Auston Matthews scored late in the second period to finally solve Columbus goalie Joonas Korpisalo as the Toronto Maple Leafs defeated the Blue Jackets 3-0 on Tuesday to even their best-of-five qualifying round series at one game apiece.
It wasn’t all good news for the Leafs, however, who lost Jake Muzzin to a scary injury late in the third period when the Toronto defenceman appeared to jam his neck after falling awkward into the back of Blue Jackets winger Oliver Bjorkstrand’s leg while killing a penalty.
Muzzin tried to get up and appeared to be moving his extremities, but couldn’t rise to his skates. He was attended to by a trainer before more medical personnel arrived on the ice. The bruising blue-liner was eventually taken off on a stretcher inside a silent Scotiabank Arena as both teams tapped their sticks.
Muzzin down on the ice after a few collisions, last with Bjorkstrand. Being attended to by the <a href=”https://twitter.com/hashtag/LeafsForever?src=hash&ref_src=twsrc%5Etfw”>#LeafsForever</a> trainer. <a href=”https://twitter.com/hashtag/CBJ?src=hash&ref_src=twsrc%5Etfw”>#CBJ</a> <a href=”https://t.co/Cbp9Uweztp”>pic.twitter.com/Cbp9Uweztp</a>
Korpisalo, who made 28 saves in Sunday’s 2-0 victory in Game 1, stopped 36 shots for No. 9 Columbus.
Game 3 of the tightly-contested showdown goes Thursday night.
With the Leafs coming at the Blue Jackets in waves, Matthews deftly redirected a Zach Hyman pass off the rush past Korpisalo’s blocker on Toronto’s 28th shot of the afternoon with exactly four minutes left in the second — a goal that would have blown the roof off Scotiabank Arena in a normal post-season encounter.
Instead, the players on the ice and bench made all the noise inside their fan-less home rink, which is playing host to the East teams as part of the Toronto hub because of COVID-19.
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The goal sequence was one of the few where Blue Jackets defenceman Seth Jones wasn’t out against Matthews, and the Leafs’ star centre made them pay.
Before that goal, however, it looked like Toronto might never solve Korpisalo, who was lights out in his first-ever playoff appearance less than 48 hours earlier as Columbus employed its stingy defensive structure to perfection against the high-flying Leafs.
After outshooting the Blue Jackets 15-6 in the first Tuesday, Toronto continued to press in the second. William Nylander couldn’t tuck his effort home at the side of the net on a power play with Korpisalo down-and-out before Tavares had two chances right in front, and another from the slot.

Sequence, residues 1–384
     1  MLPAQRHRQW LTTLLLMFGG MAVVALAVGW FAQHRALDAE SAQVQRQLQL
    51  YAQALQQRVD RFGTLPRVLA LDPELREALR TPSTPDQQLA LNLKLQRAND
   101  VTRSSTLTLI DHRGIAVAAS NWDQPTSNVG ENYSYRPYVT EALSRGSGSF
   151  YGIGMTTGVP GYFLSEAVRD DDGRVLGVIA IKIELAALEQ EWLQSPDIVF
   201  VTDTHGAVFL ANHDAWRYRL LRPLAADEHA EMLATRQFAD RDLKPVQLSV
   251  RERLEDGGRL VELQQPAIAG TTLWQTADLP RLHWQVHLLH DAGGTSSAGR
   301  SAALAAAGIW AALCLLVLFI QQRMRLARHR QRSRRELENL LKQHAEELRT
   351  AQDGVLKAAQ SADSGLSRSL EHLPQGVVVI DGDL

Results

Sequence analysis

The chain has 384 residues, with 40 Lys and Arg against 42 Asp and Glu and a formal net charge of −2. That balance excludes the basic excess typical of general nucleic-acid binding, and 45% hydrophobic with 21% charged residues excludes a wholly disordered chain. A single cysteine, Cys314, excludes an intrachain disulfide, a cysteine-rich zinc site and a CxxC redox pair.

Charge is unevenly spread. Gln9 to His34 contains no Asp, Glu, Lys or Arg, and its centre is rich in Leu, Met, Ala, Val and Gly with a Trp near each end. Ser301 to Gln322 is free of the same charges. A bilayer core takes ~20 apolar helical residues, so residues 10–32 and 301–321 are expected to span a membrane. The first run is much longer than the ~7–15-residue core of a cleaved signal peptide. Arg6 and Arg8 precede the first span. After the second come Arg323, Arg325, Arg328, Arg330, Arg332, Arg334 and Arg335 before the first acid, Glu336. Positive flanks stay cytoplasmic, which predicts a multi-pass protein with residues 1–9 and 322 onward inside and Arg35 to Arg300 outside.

Andersen was solid in making 33 saves in Game 1, but disappointed by the one he missed — an innocent shot off the rush from Cam Atkinson that proved to be the difference before a late empty-netter.
The Toronto netminder didn’t have much to do Tuesday through the first 40 minutes, but had to be sharp with the teams playing 4-on-4 after Matthews finally solved Korpisalo. Blue Jackets defenceman Zach Werenski had a chance off the rush and Atkinson was there on the follow, but the Leafs held still a 29-12 edge in shots through two.
Columbus, which stunned the Presidents’ Trophy-winning Tampa Bay Lightning in a first-round sweep last spring before losing stars Artemi Panarin, Matt Duchene and Sergei Bobrovsky in free agency, tried to push early in the third. But with Werenski caught down low in the offensive zone, Tavares, who had a rough Game 1, was sprung free on a break and beat Korpisalo under the blocker at 4:56.
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Korpisalo kept his team within striking distance by stopping Matthews on a 2-on-1 break midway through the period, but the Toronto coasted from there, save for the Muzzin injury, to even the series 1-1.
The Leafs were once again the “home” team inside a frigid Scotiabank Arena on a muggy August afternoon, but with a 4 p.m. ET start — the second of three games at the venue Tuesday — they set up shop in the reconfigured media centre and not their usual locker room. The Blue Jackets, meanwhile, were in the Toronto Raptors’ digs down the hall.
Leafs head coach Sheldon Keefe tweaked his top-6 forward group, with Mitch Marner joining Matthews and Hyman, while Nylander moved to the wing on the second line with Tavares and Ilya Mikheyev.
Toronto came out on its toes, with bruising winger Kyle Clifford steamrolling Dean Kukan early in the first — a hit that would have had the home crowd frothing at the mouth in normal times. The Columbus defenceman looked a little woozy and went to the room, but eventually returned. Werenski was then seen getting his hand taped on the bench as the Leafs picked up the physical play and intensity.